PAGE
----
Birds in flight photography with the Nikon D800 and D600 cameras

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Hi [NR], I am Jiayi Chong (Flickr). Outside of work, I do wildlife (mostly birds) photography as my weekend hobby/passion.

There has been much discussion about the new D600 and D800 cameras with regard to capturing birds in flight. Since I use both of these camera bodies regularly, I thought I could provide some useful insight into how these cameras perform when faced with unpredictable, moving subjects.

Before I continue on with the photos and discussion, here is the gear I shoot with:

Bodies: Nikon D600 or Nikon D800
Lens: Nikon Telephoto AF-S Nikkor 300mm f/4D ED-IF Autofocus
Teleconverters: Nikon TC-17E II 1.7x and Nikon TC-14E II 1.4x

All shots are handheld, no tripod or monopod.

I use the 300mm F4 prime since it is extremely lightweight, very portable, and easily works with the handheld style of shooting. It also works great with both the 1.7x(my typical choice) and 1.4x teleconverters.

I always have one of the TCs attached to the 300mm F4 prime, since my subjects require at least 400mm reach for a reasonable shot. With the new D600 and D800 bodies that can autofocus up to F8, I typically use the 1.7x TC to get a 510mm effective reach on the full frame bodies. The 1.4x TC is used occasionally when I need a bit more light, but most of the time I shoot with the 1.7x TC. I also stop down to F7.1 or F8 if I can to get just a bit more sharpness when lighting conditions allow for the 1.7x TC. I shoot wide open at F5.6 for the 1.4x TC.

The D600 was the first full frame body I tried for birds in flight. It has 39 AF points, employing the Multi-CAM 4800 system for FX bodies. It also has a 5.5 fps burst rate. There are heated arguments on whether the AF points for the D600 are spread out well enough for various shooting conditions. For my shots it is a lot simpler: I always only use the center AF cross type point, no other points are used so the spread of the points does not really impact my shots. Burst rate is set to the maximum 5.5 fps which is sufficient for many shots.

The D600 is good enough to capture quite a few fast moving birds, including Peregrine Falcons and Merlins. All my shots are done in the wild, the tags on some of the birds are done by raptor biologists every season at Peregrine nests. Overall, I will say the D600 is a fantastic and lightweight wildlife camera with great image quality. The D600’s autofocus system is fast but could be a bit faster. It works decently for horizontally moving subjects but when you have a head on shot of a bird in flight, it often gets confused and misses quite frequently. I have tried changing the spread of my AF points and toggling the different modes with worse results so I stuck with the center point as my default. The interesting thing about the AF system on the D600 for an incoming subject is that in good light, the system manages to lock on to the subject decently before the first shot is taken. I typically find the first shot from a continuous burst of 6 shots to be the sharpest. After the first shot is fired, the AF system might start hunting when faced with the erratically moving subject so it mis-focuses quite a bit.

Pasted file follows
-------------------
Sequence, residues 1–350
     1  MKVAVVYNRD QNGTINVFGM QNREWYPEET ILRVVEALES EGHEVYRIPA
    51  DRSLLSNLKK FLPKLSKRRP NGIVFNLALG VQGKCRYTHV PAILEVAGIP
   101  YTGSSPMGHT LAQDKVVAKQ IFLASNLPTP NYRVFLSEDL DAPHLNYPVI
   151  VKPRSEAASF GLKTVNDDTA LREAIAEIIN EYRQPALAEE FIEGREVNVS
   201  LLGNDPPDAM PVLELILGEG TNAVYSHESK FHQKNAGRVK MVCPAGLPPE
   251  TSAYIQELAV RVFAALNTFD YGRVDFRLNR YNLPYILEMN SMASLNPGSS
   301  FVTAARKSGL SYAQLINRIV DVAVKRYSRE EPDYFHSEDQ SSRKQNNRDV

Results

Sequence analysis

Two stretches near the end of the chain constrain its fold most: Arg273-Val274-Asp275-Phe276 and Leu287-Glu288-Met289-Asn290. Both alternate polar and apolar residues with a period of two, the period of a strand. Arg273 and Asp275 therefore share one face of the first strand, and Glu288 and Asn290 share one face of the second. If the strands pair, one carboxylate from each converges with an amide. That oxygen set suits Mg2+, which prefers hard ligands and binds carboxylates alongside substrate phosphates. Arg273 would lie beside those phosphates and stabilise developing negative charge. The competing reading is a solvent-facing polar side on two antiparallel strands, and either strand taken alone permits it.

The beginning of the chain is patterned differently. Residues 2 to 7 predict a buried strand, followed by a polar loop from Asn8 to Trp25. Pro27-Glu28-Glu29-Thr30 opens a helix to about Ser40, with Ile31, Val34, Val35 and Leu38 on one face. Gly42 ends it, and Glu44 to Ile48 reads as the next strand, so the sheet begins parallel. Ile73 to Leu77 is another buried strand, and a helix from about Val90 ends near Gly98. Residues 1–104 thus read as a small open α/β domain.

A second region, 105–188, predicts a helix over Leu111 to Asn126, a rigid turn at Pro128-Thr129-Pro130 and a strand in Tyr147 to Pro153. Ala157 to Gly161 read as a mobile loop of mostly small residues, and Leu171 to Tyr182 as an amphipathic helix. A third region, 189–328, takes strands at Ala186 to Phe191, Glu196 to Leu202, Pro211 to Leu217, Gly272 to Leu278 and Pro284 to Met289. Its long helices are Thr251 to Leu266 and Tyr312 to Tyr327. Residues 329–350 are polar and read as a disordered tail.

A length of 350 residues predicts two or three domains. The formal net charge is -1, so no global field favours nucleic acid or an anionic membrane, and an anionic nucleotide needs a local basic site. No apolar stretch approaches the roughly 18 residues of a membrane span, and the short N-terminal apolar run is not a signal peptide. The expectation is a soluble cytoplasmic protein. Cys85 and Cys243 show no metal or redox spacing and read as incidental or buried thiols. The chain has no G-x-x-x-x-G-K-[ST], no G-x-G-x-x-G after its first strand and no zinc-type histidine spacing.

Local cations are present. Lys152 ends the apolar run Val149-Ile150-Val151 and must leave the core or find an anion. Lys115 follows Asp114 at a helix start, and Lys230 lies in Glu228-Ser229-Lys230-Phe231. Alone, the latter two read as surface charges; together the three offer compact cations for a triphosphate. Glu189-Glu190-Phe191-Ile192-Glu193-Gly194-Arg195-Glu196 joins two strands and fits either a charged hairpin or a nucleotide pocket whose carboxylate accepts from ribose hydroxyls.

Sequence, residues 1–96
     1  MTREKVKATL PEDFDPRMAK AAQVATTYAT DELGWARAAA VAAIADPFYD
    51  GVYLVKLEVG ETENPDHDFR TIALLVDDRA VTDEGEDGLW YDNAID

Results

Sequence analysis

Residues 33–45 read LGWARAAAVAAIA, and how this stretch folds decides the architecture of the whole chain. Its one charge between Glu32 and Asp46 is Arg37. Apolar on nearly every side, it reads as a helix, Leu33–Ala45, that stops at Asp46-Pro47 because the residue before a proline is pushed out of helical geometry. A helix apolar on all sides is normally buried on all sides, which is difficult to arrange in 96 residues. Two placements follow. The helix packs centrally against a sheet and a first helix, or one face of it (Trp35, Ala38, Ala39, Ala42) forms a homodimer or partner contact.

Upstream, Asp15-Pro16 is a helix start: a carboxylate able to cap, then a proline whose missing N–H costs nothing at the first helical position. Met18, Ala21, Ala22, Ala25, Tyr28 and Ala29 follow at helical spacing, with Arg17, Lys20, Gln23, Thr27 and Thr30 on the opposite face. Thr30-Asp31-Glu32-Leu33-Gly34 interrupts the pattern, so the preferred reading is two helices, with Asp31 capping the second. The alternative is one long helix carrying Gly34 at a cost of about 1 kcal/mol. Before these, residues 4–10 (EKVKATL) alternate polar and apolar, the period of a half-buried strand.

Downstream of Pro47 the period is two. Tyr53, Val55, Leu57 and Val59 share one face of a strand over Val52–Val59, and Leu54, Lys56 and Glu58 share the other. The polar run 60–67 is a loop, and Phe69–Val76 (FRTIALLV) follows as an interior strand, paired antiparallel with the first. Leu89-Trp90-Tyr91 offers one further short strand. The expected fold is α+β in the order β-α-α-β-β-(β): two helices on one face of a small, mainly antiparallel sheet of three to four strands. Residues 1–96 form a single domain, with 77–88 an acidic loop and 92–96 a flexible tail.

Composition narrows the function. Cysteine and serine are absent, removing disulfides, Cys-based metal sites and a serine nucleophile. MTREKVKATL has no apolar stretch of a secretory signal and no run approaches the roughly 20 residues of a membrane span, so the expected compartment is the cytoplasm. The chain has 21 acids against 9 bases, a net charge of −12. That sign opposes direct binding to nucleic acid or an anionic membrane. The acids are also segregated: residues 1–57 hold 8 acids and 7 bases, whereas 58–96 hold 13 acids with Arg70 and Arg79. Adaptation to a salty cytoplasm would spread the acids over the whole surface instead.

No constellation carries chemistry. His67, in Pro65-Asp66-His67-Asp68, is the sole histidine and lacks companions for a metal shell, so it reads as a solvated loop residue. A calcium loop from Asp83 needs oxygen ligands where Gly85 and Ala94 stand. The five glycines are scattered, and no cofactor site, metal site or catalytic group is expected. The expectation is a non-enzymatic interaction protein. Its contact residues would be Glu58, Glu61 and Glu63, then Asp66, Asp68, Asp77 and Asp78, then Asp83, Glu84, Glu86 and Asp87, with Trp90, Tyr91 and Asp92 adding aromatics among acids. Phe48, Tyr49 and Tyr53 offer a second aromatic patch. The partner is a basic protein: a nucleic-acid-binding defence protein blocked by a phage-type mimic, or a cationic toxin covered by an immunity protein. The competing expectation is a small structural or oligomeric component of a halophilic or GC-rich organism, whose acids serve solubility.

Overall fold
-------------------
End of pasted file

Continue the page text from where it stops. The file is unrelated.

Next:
Here are some shots taken with the D600 setup:


Peregrine Falcon


Golden Eagle about to strike a ground squirrel


Newly fledged juvenile Peregrine Falcon takes off


Incoming Oystercatcher


Male Taiga Merlin launches for a morning hunt

I recently acquired a D800 body hoping for a better AF tracking system and higher image resolution. In theory, the 4 FPS burst rate might be too slow for wildlife, but in practice it has not been an issue for me so far. The D800 employs the Multi-CAM 3500FX system which should deliver better results than that of the D600. Just like in my D600 setup, I use the center point for targeting my subjects, but I found that I could also use the additional 9 points surrounding the center point on the D800 with decent results.

The D800 has much less of an issue tracking head-on subjects as opposed to the D600. You really feel the difference in initial target acquisition when using the D800 vs the D600. Also, the AF system has a much better hit rate from a continuous set of 4 frames for one burst compared to the D600.

Here are some shots taken with my D800 setup:


Red-Tail Hawk takes off


Common Merganser hunting fish


Incoming White-Bellied Sea Eagle


Grey-Headed Fish Eagle hunt


Grey-Headed Fish Eagle with prey


Grey-Headed Fish Eagle moments before impact


White-Bellied Sea Eagle strike


White-Bellied Sea Eagle striking fish


Stork-Billed Kingfisher rising from waters of a mangrove forest

Overall, I am pretty happy with both cameras. I use the D600 if I want something a bit lighter, but the D800 is now my body of choice for more demanding situations. For both cameras, I use the auto ISO mode with a minimum shutter speed of 1/1600s. The maximum ISO is clamped at 6400. I shoot in aperture priority mode. Feel free to contact me on Flickr if you have any further questions regarding the shots and thank you for reading the post.

If you have an interesting idea for a guest postyou can contact me here.

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